First of all, one has to appreciate the sensitivity of the problem of rejection. It is one human being saying to the other – keep away, I don’t want you around me now. It is liable to hit exactly in the center of our ego.
Thankfully most social rejections are subtle. Like it says in the psychology books, we play many games with each other. Saying “Hi”, sharing a joke, participating in a yoga activity together……all in the process of building intimacy. So there are many layers of social contact and we can choose to keep a relationship at a distance if that’s where the comfort level is for us. Once we find the right distance, then both people are happy 🙂 There was not any need for an explicit “No” message.
Explicit rejections are tougher. They can occur in the context of romance or even with friends who want more contact than you want to give and who don’t take the subtle hints. In these cases , the “No” has to be arrived at by you or by the other person. In my own case, I have had to dish out a “No” when I don’t have the energy to meet the needs of the other person without making me feel like I am losing something. ( I believe ALL our actions are dictated by needs : http://www.cnvc.org) . Or at times where I don’t trust that the other party will respect the boundaries that have currently been set by us and it is a question of unclear boundaries . So I am wanting to protect my own space and integrity by ending the discomfort such a relationship is causing me. Having said this so rationally , it is still a difficult position to be in – the GIVER of a NO. It sometimes leaves one with the guilt if the other party sort of broke down and slithered away . Or with nervousness and anger and tiredness if the other party calls one names like selfish and sends one innumerable sms’s. There is the crazier plane of the stalkers, where a “No” seems even more exciting to receive and then they are hooked to you by your negative replies. Anyways, it definitely seems an art to learn – how to give a “No”.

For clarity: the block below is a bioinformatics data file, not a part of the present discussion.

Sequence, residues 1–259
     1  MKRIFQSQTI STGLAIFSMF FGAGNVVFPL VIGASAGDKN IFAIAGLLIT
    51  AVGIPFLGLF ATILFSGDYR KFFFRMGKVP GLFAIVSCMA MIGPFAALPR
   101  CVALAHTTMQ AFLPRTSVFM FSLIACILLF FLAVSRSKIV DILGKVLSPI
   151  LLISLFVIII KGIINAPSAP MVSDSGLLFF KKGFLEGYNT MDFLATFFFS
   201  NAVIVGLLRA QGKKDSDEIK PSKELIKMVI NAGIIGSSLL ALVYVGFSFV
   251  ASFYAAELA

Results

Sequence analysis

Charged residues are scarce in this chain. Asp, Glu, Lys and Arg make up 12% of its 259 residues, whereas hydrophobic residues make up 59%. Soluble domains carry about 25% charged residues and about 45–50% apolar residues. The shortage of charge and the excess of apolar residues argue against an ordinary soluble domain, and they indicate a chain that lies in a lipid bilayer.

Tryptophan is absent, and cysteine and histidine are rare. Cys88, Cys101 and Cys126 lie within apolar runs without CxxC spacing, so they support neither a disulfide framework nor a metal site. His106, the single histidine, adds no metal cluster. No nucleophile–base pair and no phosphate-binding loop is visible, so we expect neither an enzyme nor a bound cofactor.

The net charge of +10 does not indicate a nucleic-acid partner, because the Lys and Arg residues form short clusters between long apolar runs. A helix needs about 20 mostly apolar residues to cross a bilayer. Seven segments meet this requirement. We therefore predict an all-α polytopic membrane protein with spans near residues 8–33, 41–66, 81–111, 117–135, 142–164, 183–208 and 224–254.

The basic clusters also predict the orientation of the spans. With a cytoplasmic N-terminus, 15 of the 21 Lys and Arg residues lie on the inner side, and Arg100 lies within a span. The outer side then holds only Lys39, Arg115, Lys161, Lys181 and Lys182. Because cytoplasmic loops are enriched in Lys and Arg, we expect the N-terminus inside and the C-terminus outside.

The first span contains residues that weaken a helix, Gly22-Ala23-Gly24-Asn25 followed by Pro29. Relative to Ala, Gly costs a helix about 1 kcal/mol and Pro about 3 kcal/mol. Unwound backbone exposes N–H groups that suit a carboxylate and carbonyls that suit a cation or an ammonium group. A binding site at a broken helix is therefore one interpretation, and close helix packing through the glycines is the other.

Nonviolent Communication gives one method called “Saying No Joyfully”, refer their site or write to me for more on this.
Hearing a “No” message is no easier. Sometimes I think if the other person had communicated to me more, I would have been more satisfied. I don’t think that is true any longer. I do think that a certain level of communication helps, especially in acknowledging our vulnerability for exposing ourselves to the other person. But the message has to be received and understood at our end completely. Sometimes it feels like from our end we have clearly miscalculated what it is we can expect from the other person. But we also seem to have transcribed onto them something special like “they can give me security” etc. which is not real. So the process seems three stepped – 1) to actually hear the other persons No and set the boundary from our end there and let go. This means that if the other person comes back then its good but that is in less than 5% of the cases. So for 95% of the cases, we have to move on. Infact, I have not had anyone saying a No change their mind later on on me unless my own circumstances changed. I don’t know what your past is telling you on that. At times you might get lucky in being able to understand why the other person made the choice of rejection by what the communicate to you. But often, you only have a guess. 2) To find out what expectations we have had from them – love, security etc. 3) Thirdly and most importantly – Move the expectations to where there can be possibilities of gratification. Eg. an old friend, mother, some mentor etc.
Sometimes I find, I run from one “No” to the other “No”, hurting myself deeply. That brings me to my favorite topic – hooked to rejection !! 🙂 A flippant way to the devastating reality of social rejection. Please have a read at my earlier blog post on Hooked to Negativity and also the one on Addictions.
Note: Everything is in the personal narration on this topic, as any other way of narration sounds patronizing to me.